Yes, making money is fundamentally important. It is the only way you can stay in business and serve your customers. But you can do it differently. And you don‘t have to do it the way the huge corporates have been doing it so far. At Marqeta we focus on helping our customers to grow because if they grow and they become successful then we are successful as well.
Could you elaborate on what Marqeta’s core proposition is and what makes you different from your competitors?
We have a modern card issuing platform that is certified by Visa and Mastercard. And we want to make it as easy as possible for customers who want to launch and manage card programmes themselves. What makes us different is our totally modern tech stack and fully-documented open APIs. If you go on our website and provide just your name and email address, you can have instant access to your own private sandbox where you can start to build. And none of this involves commercial conversations with us. You can go straight into the sandbox and start building – and see if your idea will work. If it will then let’s have a conversation about creating a relationship.
Conversely, if you look at traditional banks, one of the biggest challenges they are experiencing is that their services are run on legacy platforms. We wanted to avoid creating a situation where our customers have to be payment card experts or integrate with a legacy system to be able to issue cards. Because they shouldn’t have to – that’s our job. Their job is to build a great product with a great UX that is going to sell.
Now you are rolling out Lending 3.0. How did you come up with this idea?
We are able to use the same technology to service multiple industries and right now companies in the lending industry are really benefiting from the rich data that our platform allows, in terms of enabling informed loan decisions and spending controls. Lenders have realised that if they use a card product and put a virtual card into their app, it works better than many other solutions. For POS lenders, there’s no need for a relationship with the retailer, and consumers are able to get a real-time lending decision and make purchases in the moment at the point of sale. This is just one of the benefits of Lending 3.0.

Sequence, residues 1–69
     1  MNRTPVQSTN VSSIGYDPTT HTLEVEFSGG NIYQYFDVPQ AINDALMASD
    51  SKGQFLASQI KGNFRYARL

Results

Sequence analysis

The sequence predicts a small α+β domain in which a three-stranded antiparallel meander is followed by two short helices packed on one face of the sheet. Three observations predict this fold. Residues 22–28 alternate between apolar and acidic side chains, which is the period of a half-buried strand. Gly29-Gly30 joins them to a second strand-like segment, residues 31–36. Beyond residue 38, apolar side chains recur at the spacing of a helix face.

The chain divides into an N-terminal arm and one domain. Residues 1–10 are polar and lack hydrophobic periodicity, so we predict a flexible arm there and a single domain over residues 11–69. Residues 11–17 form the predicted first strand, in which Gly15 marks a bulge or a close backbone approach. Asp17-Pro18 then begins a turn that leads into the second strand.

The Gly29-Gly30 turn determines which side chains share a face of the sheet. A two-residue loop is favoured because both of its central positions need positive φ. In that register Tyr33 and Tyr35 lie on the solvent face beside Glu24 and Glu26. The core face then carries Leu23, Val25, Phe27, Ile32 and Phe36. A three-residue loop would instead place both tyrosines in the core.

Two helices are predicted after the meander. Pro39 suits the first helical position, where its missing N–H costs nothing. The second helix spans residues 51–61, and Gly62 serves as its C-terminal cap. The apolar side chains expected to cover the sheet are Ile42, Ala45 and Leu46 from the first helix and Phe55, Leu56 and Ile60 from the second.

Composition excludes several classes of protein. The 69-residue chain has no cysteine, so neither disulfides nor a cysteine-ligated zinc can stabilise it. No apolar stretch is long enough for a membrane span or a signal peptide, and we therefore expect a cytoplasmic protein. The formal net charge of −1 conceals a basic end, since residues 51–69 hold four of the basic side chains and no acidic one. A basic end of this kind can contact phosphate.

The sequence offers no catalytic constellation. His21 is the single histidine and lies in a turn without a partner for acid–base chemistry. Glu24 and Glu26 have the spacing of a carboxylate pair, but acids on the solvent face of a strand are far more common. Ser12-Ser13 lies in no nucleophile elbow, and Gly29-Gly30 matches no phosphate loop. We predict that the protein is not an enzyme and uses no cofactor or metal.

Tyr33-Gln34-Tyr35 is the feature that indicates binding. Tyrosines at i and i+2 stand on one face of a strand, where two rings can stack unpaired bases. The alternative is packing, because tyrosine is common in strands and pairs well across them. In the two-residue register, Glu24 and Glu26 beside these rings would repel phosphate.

So this way you are providing the lender with data so they can adjust the credit score? Do you also enrich data that goes through open banking?
That is correct, the lender knows much more about where the loan is being spent. But yes, we are also looking at data enrichment in terms of open banking, something lots of great companies are doing too. Initially, services in the fintech industry were bundled but that tendency is changing. So we view our role as being the best in the industry from an issuing perspective and we bring other services to our customers only in cases where we believe they can add real value for them.
The lending industry is becoming more and more crucial. And lenders need to feel that their risk is being managed effectively. Current lenders have a very different perspective to the lenders of the past. It’s not just a financial instrument.
How does the COVID-19 situation affect you? SMEs were affected by the crisis a lot, how did you deal with that?
SMEs are clearly a vital part of what we do. If smaller businesses were not supported right now then many of them would cease to exist. However, some of the modern lenders have a role to play in terms of helping to support them. From my perspective, earlier this year many fintechs delayed launching programmes, in order to focus on operational matters.
That said, certain challenger banks seemed to be engaged in a bit of a competition around “which one can release the most features”, which may not have been especially useful. It was also unclear whether there was consumer demand for those features. But now fintech companies are taking a steadier approach and focusing on sticking to their business plan and profitability. Many fintechs are SMEs and for those in the lending industry, the question is not whether their business will be relevant during the crisis but when the crisis ends, will they be in a position to take advantage of the new landscape.
And what would you say is the future for Marqeta?
It’s a very exciting one. There’s been a great appreciation for our open APIs and sandbox approach to issuer processing. This gives us the confidence to continue investing in the platform optimising the developer experience.